Delta had optioned the project from Goldcorp (TSX: G; NYSE: GG), but returned it to Goldcorp in 2013. In 2017 Kore acquired 100% of the project from Goldcorp. It sits 16 km from Equinox Gold’s (TSXV: EQX) Mesquite gold mine, in the same county. Kore spent money it raised privately on updating a couple of the biological studies and doing a permitting feasibility study, an economic analysis and a resource review. It intends to release an updated resource on Imperial in the next three months.

“This is why permitting doesn’t necessarily attract a lot of investment,” Rothwell says. “It’s not sexy work that we’ve done. It’s tons of desktop, tons of behind-the-scenes work.”

The company notes that the project sits on federal land and needs the federal government to grant the mine permit. If the government approves the mine plan, the county could approve the reclamation plan.

“The county supports this project. They know what this means to Imperial county,” Rothwell says.

The project has road access and power lines. It features an aquifer that has already been tested for water flow. KORE aims to update the project with a prefeasibility study in 2019.

The company’s second development project is its 7 sq. km Long Valley gold project in east-central California. Kore acquired the project from Vista Gold (TSX: VGZ; NYSE-AM: VGZ) in 2017, although exploration on the property dates back to the early 1980s, and covers multiple operators.

In April 2018, Kore tabled an updated resource for Long Valley. The project has 66.8 million measured and indicated tonnes grading 0.58 gram gold for 1.24 million oz. gold, as well as 23.5 million inferred tonnes grading 0.64 gram gold for 486,000 oz. gold.

“We’re taking a bit of a different approach on Long Valley [to see] how it can add value,” Rothwell says. “It needs about a year and a half of work before we put it into the permitting process — so it’s about a year and a half behind Imperial.”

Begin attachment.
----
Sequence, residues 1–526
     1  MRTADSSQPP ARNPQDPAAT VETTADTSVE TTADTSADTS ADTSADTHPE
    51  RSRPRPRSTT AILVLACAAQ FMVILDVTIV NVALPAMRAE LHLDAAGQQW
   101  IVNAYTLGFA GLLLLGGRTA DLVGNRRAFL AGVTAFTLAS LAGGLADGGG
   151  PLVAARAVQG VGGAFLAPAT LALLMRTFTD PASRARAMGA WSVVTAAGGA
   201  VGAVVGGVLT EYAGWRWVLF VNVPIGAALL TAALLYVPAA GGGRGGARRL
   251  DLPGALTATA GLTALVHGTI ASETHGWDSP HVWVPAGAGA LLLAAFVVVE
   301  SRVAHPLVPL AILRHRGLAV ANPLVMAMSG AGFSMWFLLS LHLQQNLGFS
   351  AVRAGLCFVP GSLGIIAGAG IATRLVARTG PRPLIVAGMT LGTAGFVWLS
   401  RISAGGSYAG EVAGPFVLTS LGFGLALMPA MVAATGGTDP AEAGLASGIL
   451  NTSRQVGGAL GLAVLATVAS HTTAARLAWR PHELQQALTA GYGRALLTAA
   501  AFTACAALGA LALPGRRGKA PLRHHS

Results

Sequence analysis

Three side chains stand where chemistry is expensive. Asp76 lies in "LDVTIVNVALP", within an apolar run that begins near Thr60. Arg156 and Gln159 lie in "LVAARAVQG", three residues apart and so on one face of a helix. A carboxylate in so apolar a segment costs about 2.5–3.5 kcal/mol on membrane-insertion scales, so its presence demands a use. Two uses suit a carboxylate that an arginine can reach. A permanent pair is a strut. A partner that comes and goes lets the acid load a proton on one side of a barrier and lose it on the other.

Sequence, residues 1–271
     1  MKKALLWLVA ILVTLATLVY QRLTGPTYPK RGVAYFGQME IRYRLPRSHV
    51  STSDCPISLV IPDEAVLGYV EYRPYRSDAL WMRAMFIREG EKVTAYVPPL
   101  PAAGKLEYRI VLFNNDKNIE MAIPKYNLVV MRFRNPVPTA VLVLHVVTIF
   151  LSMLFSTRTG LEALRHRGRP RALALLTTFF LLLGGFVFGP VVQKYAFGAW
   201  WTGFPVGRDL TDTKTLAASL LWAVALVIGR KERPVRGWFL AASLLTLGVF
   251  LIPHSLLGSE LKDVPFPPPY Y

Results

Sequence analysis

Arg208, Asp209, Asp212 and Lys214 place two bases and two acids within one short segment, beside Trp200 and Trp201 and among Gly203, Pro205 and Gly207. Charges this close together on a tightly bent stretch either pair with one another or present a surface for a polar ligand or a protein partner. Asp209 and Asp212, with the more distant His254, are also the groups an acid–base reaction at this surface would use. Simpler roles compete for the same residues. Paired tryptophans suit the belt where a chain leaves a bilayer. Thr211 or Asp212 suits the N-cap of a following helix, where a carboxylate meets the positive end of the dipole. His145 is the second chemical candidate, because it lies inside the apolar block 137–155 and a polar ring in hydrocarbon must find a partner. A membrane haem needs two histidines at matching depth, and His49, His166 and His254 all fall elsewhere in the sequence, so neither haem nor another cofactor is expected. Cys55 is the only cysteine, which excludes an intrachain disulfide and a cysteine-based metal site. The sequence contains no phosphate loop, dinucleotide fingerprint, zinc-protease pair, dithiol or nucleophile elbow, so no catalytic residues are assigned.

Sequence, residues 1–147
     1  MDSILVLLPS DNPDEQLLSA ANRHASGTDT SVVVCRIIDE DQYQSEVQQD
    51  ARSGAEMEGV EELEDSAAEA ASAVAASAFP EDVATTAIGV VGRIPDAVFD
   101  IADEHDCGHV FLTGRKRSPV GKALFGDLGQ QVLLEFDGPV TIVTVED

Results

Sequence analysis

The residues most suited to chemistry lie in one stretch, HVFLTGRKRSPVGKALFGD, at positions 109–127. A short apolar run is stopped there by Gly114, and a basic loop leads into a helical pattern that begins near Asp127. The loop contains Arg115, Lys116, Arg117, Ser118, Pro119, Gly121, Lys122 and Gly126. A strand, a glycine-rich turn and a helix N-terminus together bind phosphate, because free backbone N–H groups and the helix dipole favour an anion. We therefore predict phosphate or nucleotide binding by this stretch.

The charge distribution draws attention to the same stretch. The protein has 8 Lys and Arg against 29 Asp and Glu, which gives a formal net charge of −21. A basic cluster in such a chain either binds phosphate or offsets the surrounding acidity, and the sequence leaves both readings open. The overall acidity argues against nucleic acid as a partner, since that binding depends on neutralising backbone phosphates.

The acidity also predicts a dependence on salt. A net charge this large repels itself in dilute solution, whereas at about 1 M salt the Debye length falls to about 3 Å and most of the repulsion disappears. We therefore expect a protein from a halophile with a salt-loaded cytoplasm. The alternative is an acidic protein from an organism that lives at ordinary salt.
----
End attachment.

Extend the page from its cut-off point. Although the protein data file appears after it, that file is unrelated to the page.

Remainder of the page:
The company wants to expand the resource at Long Valley. It aims to drill at least 2,500 metres at the project in 2019 to test density, metallurgy and water quality. It will consider a mine plan that focuses on the project’s higher-grade oxide zones, although the project also contains sulphides at depth that have graded as high as 6 grams gold.

“There is the opportunity for a larger program,” Rothwell says. “This is the optionality on the project for a larger operator, if they were to buy it.”

KORE is also exploring its Gold Creek and FG gold projects in British Columbia. At Gold Creek, it recently cut 25.7 metres at 1.3 grams gold from 28 metres downhole, including 3 metres at 8.6 grams gold, as well as 50 metres grading 0.7 gram gold from 99 metres downhole in a drill program started by Eureka.

The company drilled 940 metres across four holes during its phase-one program at Gold Creek. It discovered visible gold in two of the holes. The drilling extended the project’s Camp zone 300 metres along strike, where it is open along strike and at depth.

The company plans to drill six holes at Gold Creek followed by 15 holes at FG.

“We’re excited on both of these projects to see those results come out over the next month, and a financing would be on the back of that,” Rothwell says. “We would be spending some of it in California, but that is a very inexpensive program, because most of the work has been done. The majority of the work would be drilling in British Columbia.”

Shares of KORE Mining are trading at 14¢ in a 52-week range of 14¢ to 50¢. The company has a $10-million market capitalization.